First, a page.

|Radiometry has been listed as a level-5 vital article in Science, Physics. If you can improve it, please do. This article has been rated as Start-Class.|
|WikiProject Physics||(Rated Start-class, Mid-importance)|
|WikiProject Astronomy||(Rated Start-class, High-importance)|
This article is missing the terms for reflectance/reflectivity. What are they?-184.108.40.206 11:58, 19 May 2007 (UTC)
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The comment(s) below were originally left at several discussions in past years, these subpages are now deprecated. The comments may be irrelevant or outdated; if so, please feel free to remove this section., and are posted here for posterity. Following
|For completeness, this article should define the terms "luminosity", "spectral luminosity", and "spectral radiant flux". I believe that luminosity is the total radiated power in Watts, while spectral luminosity is the radiated power per Hz or per unit wavelength (I'm not sure about this last).
Also, this article would be much more useful if it provided some information about measurement equipment and techniques.P.S. I work mainly with RF, so I'm not really qualified to fill in the above.
Last edited at 20:57, 22 March 2007 (UTC). Substituted at 03:49, 30 April 2016 (UTC)
- No. We are an encyclopedia. We don't cover new inventions. When it has been written about in reliable, independent sources it may be ready for mention here.--Srleffler (talk) 13:44, 26 August 2018 (UTC)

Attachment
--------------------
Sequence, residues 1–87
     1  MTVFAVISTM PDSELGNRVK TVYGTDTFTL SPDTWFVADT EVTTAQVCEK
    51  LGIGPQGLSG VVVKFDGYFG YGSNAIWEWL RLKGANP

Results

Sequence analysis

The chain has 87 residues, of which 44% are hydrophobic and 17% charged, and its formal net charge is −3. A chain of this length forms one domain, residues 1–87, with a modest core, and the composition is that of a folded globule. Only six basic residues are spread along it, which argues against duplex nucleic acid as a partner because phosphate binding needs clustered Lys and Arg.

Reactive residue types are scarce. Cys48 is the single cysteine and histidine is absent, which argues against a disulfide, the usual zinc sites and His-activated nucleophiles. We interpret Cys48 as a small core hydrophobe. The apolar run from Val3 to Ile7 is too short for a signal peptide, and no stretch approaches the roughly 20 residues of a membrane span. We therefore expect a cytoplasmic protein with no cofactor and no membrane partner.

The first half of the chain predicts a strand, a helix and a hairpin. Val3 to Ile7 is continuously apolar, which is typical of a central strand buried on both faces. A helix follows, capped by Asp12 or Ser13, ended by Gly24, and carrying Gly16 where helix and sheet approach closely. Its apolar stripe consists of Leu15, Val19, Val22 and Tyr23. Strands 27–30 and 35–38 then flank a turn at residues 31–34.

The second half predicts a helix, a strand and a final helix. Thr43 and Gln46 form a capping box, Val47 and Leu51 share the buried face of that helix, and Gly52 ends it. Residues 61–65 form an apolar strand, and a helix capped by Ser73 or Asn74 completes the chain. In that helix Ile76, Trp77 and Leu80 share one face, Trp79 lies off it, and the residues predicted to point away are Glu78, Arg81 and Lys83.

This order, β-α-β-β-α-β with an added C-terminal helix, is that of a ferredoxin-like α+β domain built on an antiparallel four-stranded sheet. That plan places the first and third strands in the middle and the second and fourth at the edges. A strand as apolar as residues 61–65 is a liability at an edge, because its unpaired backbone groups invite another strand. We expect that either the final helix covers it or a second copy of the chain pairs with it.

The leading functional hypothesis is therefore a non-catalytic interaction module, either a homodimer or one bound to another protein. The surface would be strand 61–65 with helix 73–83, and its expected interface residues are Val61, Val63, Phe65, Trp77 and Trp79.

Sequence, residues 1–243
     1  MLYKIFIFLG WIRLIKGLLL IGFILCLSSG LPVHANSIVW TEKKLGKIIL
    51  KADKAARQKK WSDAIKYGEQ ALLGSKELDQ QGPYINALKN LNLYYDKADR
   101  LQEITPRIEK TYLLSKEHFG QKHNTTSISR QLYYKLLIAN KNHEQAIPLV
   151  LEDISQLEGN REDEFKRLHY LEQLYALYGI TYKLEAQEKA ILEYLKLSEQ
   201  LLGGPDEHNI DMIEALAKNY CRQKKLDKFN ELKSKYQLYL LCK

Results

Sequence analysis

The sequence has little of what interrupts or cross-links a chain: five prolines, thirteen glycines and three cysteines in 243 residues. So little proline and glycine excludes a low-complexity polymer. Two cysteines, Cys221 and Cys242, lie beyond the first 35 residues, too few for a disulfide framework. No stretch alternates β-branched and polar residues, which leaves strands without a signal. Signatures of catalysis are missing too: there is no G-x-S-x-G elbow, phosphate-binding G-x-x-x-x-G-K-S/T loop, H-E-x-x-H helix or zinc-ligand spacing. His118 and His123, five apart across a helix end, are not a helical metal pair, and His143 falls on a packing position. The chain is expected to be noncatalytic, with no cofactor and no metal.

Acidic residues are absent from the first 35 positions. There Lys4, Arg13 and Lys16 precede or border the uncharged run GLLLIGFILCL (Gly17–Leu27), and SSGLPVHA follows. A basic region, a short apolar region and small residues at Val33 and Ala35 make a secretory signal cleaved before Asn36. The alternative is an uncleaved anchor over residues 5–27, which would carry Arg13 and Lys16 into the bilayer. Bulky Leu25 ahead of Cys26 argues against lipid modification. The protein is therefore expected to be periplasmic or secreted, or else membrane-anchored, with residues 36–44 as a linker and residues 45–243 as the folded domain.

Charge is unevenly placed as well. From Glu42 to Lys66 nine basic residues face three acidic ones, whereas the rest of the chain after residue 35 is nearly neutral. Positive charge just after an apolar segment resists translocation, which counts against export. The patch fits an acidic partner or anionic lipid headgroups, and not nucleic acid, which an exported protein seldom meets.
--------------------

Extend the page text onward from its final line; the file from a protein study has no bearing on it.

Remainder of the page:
[this repeats a comment left in the topic "irradiance".] for purely instrumental reasons and the relevance of physical quantities to questions that measurement is intended to answer (e.g., astrophysics, climatology, workplace safety regulations, etc.) or measurement location (outer space, earth's surface, etc.), radiology metrics do not routinely include the entire electromagnetic spectrum. this is implied by the vague statement that radiology "measures the electromagnetic spectrum." i believe (but do not have sources to cite) that the routine span of measured irradiance/radiance is roughly the optical range 10e-07 to 10e-03 meters, and i am nearly certain that measures such as the solar constant do not rely on actual instrumental measures in the electromagnetic range 10e-16 to 10e8 ish. they are instead either estimates based on fitting a blackbody curve to the measured segment or overlapping/gappy piece curves estimated from different sources using different instrumentation. this applies to all the subtopics in radiology (irradiance, radiance, etc.) where the wikipedist interest seems fixated on the mathematics at the expense of the practicalities. and while i'm quibbling, a paragraph on the actual instrumentation used would be useful, and place the spectral limits in the context of measurement/observation limitations. Drollere (talk) 15:47, 13 October 2020 (UTC)